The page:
United States District Court, D. Kansas
MEMORANDUM AND ORDER
THOMAS MARTEN, JUDGE
Dennis Andres seeks damages pursuant to 42 U.S.C. § 1983
based on a claim that defendant City of Coffeyville, Kansas,
terminated his employment in retaliation for exercising his
right to free speech. Defendant moves for summary judgment
(Dkt. 29) and argues that it had a legitimate basis for
terminating plaintiff- Montgomery County Attorney Larry
Markle (“CA Markle”) placed plaintiff on the
Giglio list and further refused to prosecute any
cases where plaintiff was involved. Plaintiff responds that
defendant's reason is pretextual and flows directly from
his decision to exercise his First Amendment right of free
speech. For the reasons provided below, the court denies
there are several controverted facts, the court finds the
following facts to be uncontroverted for purposes of summary
hired plaintiff as a police officer in 1986. Over the next 29
years, plaintiff climbed up the chain of command and became a
captain, second in command. About halfway through his career,
plaintiff met an eight-year-old kid named Brazell Scott
(“Scott”) who was caught shoplifting. Plaintiff
tried to mentor Scott, and even allowed Scott to reside in
his home at different times. When Scott was 13 years old, he
moved to Texas to live with his father; but Scott later
returned to Coffeyville sometime in 2011.
2012, a shooting took place in Coffeyville. Sometime later,
Scott came to plaintiff's house because he wanted to hire
plaintiff's wife to make a birthday cake for his
daughter's birthday. As Scott crossed through
plaintiff's living room into the kitchen, plaintiff asked
Scott how things were going. Scott replied something to the
effect of “you know, they messin' with me.”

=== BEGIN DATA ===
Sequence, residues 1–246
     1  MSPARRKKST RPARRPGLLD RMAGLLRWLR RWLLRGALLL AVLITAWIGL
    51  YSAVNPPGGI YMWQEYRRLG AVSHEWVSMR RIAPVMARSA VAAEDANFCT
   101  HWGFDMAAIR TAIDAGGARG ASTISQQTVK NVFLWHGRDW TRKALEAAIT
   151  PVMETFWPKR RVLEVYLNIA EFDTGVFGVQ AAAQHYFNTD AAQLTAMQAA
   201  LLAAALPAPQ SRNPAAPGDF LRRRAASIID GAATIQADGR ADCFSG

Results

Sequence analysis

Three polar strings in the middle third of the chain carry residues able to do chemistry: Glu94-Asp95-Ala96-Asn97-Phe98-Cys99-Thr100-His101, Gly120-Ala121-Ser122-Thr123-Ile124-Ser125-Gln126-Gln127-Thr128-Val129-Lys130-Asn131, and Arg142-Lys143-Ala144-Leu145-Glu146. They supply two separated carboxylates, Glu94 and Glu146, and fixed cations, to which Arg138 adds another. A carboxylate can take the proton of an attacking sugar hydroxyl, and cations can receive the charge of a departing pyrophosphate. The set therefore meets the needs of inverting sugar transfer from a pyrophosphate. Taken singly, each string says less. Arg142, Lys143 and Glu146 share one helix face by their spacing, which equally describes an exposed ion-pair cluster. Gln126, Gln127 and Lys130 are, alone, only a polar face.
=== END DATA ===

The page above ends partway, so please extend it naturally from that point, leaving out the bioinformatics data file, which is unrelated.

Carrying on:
Nothing more was said on the matter, but plaintiff knew that
Scott was referring to James Logan and his friends.
September 28, 2012, Scott shot James Logan and Latrelle Boyd.
Scott turned himself in and was charged with their murders.
Scott claimed self-defense.
months after Scott's case was filed, two attorneys from
the Kansas Attorney General's office, Greg Benefield and
Amanda Voth (the “AAGs”), entered their
appearances on behalf of the state. Scott's defense
counsel later subpoenaed plaintiff. Plaintiff contacted the
AAGs and told them about his subpoena; however, according to
plaintiff, the AAGs seemed disinterested in talking with him.
Plaintiff claims that he told the AAGs of his encounter with
met with the defense's investigator on two separate
occasions. During their second meeting, plaintiff informed
the investigator that Scott had told him “they're
messin' with me.”
opening statements at Scott's trial, defense counsel
informed the jury that plaintiff would testify that Scott
told him “they're messin' with me” before
he shot both men. Plaintiff testified about his encounter
with Scott at his house prior to the shootings, and the jury
ultimately acquitted Scott of both murders.
Markle and the AAGs were upset. They believed that plaintiff
withheld substantial information and that his trial testimony
differed from the information he previously told them. As a
result, CA Markle notified City of Coffeyville Police Chief
Anthony Celeste (“Chief Celeste”), via a letter
dated February 3, 2014, that he considered plaintiff to have
Giglio issues and would not file criminal charges in
a different case because of plaintiff's involvement.
administrative complaint was filed against plaintiff, and an
internal investigation into the matter ensued to determine if
plaintiff withheld exculpatory evidence. Plaintiff cooperated
with the investigation and passed a polygraph test.
August 21, 2014, Chief Celeste determined the complaint was
“Not Sustained”-meaning there was insufficient
evidence to support the allegations. Plaintiff thought the
matter was resolved. Then, in a letter dated March 30, 2015,
CA Markle informed Interim City Manager James Grimmett that
he would not prosecute any cases in which plaintiff was
involved. CA Markle also demanded access to defendant's
personnel files and Enterpol database for its police
April 7, 2015, CA Markle notified Chief Celeste that he was
declining to prosecute a case in which the video showed that
plaintiff had spoken to the suspect, but there was no audio.
CA Markle noted that plaintiff was not a credible witness due
to Giglio issues and further that Chief Celeste had
not provided other video/audio from ...